9 What’s Going Wrong? In the UK “the bottom 50% of households” own assets equivalent to just 9.9% of the UK’s wealth, i.e. less than £1 Trillion or less than an average of £30,000 per household. The “top 10% of households” own assets equivalent to 43.8% of UK wealth, i.e. around £4.5 Trillion or more than an average of £750,000 per household. Source: UK Office for National Statistics, 2013 Highland Homeless Trust Challenging Homelessness

10 What’s Going Wrong? The United Kingdom is the only G8 state in which the International Red Cross currently provides humanitarian aid directly to citizens. Source: Telegraph, 2013 Many households in the so called “bottom 50%” exist in absolute poverty. Highland Homeless Trust Challenging Homelessness

11 The Welfare Reform Act 2012 To address poverty, UK Government policy is to encourage people off benefits and into work and training. Highland Homeless Trust Challenging Homelessness

12

13 What’s Going Wrong? Mr Duncan Smith, the Secretary of State for Work and Pensions, believes that an individual should be able to live on £53.00 per week and that “work should pay”. At the same time, he himself has claimed parliamentary expenses for lunches, haircuts, food for his own home, his laundry and even new underpants! His claims from public funds include £39 for a breakfast and £9 for a cocktail. The Secretary has been accused of living in a different world! Source: Daily Mirror, 2013 Highland Homeless Trust Challenging Homelessness

14 What’s Going Wrong? Demonisation of claimants as lazy scroungers. Welfare Myths: 41% of the entire welfare budget goes on benefits to unemployed people 27% of the entire welfare budget is claimed fraudulently 48% of those claiming Jobseeker’s Allowance go on to claim it for more than a year Source: The Independent, 2013 Highland Homeless Trust Challenging Homelessness

15 What’s Going Wrong? Demonisation of claimants as lazy scroungers. Welfare Myths: 41% of the entire welfare budget goes on benefits to unemployed people. Actually just 3% 27% of the entire welfare budget is claimed fraudulently. Actually just 0.7% 48% of those claiming Jobseeker’s Allowance go on to claim it for more than a year. Actually just 27.8% Source: The Independent, 2013 Highland Homeless Trust Challenging Homelessness

16 The Welfare Reform Act 2012 Welfare Cap set at £119.5 Billion – some benefits excluded Universal Credit – Direct payments, sanctions and principle of responsibility Benefits Cap £26,000 – actually £18,000 if no children Monthly payments in arrears Removal of crisis loans Removal of legal aid Removal of funding to advice centres and advocacy services “Young” redefined as below 35 years of age rather than 25 years of age for the purposes of Housing Benefit and Local Housing Allowance Recent initiatives to remove entitlement to Housing Benefit completely for every adult under 25 years. Estimated to effect 20,000 children in Scotland. Source: BBC Highland Homeless Trust Challenging Homelessness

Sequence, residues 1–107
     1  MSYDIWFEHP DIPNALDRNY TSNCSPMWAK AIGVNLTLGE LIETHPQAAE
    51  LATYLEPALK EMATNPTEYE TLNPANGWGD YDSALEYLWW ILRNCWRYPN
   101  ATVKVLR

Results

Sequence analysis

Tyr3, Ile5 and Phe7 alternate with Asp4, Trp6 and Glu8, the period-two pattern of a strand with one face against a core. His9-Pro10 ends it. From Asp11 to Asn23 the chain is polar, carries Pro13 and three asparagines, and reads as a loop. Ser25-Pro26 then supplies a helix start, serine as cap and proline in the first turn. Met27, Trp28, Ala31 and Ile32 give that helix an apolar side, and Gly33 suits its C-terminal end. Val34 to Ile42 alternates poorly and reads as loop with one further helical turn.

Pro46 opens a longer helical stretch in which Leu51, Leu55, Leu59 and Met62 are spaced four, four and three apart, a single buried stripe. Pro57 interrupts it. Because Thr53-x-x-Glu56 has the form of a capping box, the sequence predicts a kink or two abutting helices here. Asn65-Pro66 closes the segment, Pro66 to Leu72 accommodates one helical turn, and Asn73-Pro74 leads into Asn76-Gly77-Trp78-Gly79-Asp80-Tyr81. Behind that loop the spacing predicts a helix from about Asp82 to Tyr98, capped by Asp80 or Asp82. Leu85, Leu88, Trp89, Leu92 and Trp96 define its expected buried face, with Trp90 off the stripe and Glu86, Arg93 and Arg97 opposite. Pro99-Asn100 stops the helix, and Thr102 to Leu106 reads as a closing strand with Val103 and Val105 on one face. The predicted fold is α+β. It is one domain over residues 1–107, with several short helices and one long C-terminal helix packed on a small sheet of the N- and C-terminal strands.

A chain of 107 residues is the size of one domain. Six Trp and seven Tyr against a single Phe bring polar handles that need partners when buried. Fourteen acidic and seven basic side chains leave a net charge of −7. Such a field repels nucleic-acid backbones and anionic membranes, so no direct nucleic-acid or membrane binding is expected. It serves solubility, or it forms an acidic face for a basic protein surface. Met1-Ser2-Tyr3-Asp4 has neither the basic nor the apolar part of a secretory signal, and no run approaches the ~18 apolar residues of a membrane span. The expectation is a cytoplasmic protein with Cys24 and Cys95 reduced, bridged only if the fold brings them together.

17 The Welfare Reform Act 2012 UK Government policy is to encourage people into work and training. This often involves individuals undertaking ‘mandated work training’ in menial, unpaid training roles or face sanctions, i.e. Work Programme Recent unpaid training opportunities advertised: Unpaid “graduate trainee shelfstacker” at Poundland Unpaid 25 week “work training” as a Fish Fryer in a chip shop ‘Exotic Dancers’, ‘Hostesses’ etc. All positions advertised via “Universal Job Match” with no scrutiny. Highland Homeless Trust Challenging Homelessness

18 The Welfare Reform Act 2012 By 6 November 2013 Jobseekers Allowance was withdrawn from more than 400,000 people through sanctions. Lower level sanctions result in loss of benefit for up to 13 weeks for failures such as not attending an interview with a JobCentre Adviser. Benefit restarts automatically. Intermediate sanctions are applied for failures such as not actively seeking work or not being available for work. Benefit is initially lost for a month, or 13 weeks for subsequently breaking the rules. Unlike an low level sanction, claimants must then reapply for benefits and start over. The highest sanction sees Jobseeker's Allowance withdrawn for 13 weeks when, for example, an individual has left a job voluntarily. This rises to 26 weeks for a second "failure" and 156 weeks for a third. Highland Homeless Trust Challenging Homelessness